Some analysts believe that China is likely to become politically unstable in the near future. The US Sinologist Gordon Chang, for example, has been predicting the “coming collapse of China” for several years. These scholars point to several negative factors such as the fact that China’s political development has lagged behind its economic growth, the discontent arising from growing income disparities and the declining prestige of the Communist party. These factors have, indeed, generated social tensions. Nevertheless, the Chinese leadership has been successful so far in maintaining stability. It is acutely conscious of the dangers of an upheaval and it seems ready to adopt flexible and pragmatic policies in order to maintain political stability. On balance, bearing in mind the track record of the Chinese leadership, I would discount predictions of chaos or collapse. It is possible that the required institutional restructuring may not proceed altogether smoothly. This could result in blips in China’s growth trajectory but a collapse or upheaval is most unlikely.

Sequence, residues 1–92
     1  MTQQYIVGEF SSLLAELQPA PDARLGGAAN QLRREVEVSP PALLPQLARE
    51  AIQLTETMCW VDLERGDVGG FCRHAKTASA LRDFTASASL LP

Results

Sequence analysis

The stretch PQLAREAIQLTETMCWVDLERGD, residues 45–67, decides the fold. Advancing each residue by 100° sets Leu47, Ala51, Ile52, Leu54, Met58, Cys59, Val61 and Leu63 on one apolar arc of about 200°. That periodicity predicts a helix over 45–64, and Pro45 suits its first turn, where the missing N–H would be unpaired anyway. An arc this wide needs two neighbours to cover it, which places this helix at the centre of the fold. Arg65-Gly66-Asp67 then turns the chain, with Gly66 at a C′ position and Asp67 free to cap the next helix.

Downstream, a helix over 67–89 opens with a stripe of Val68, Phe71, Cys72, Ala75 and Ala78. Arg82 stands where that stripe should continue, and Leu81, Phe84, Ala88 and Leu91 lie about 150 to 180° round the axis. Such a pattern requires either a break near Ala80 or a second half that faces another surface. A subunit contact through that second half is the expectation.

As we noted earlier, many projections indicate that our growth rates may overtake China’s in the near future. Thus, the economic gap that now exists is likely to be closed in gradual stages. Thus an adverse shift in the India- China power balance appears to be unlikely. On the contrary, a narrower gap in the power potential of the two countries would be a stabilizing factor in bilateral relations. Growing economic exchanges would also help to consolidate bilateral ties.

Thus, my conclusion is that the overall prospects for India-China bilateral relations are quite promising, provided that neither side misunderstands the intentions or capabilities of the other.

There has been much talk recently about the so-called “Copenhagen spirit” and India-China cooperation in multilateral forums after the climate change summit last December. There is nothing new in the “Copenhagen spirit”. Climate change is an area where the two countries have cooperated very closely ever since negotiations on the subject began in 1991. As developing countries undergoing rapid industrialization, the two countries share common interests and these are reflected in their stand in the negotiations. For similar reasons, there are opportunities for India-China cooperation on many other global economic and environmental issues.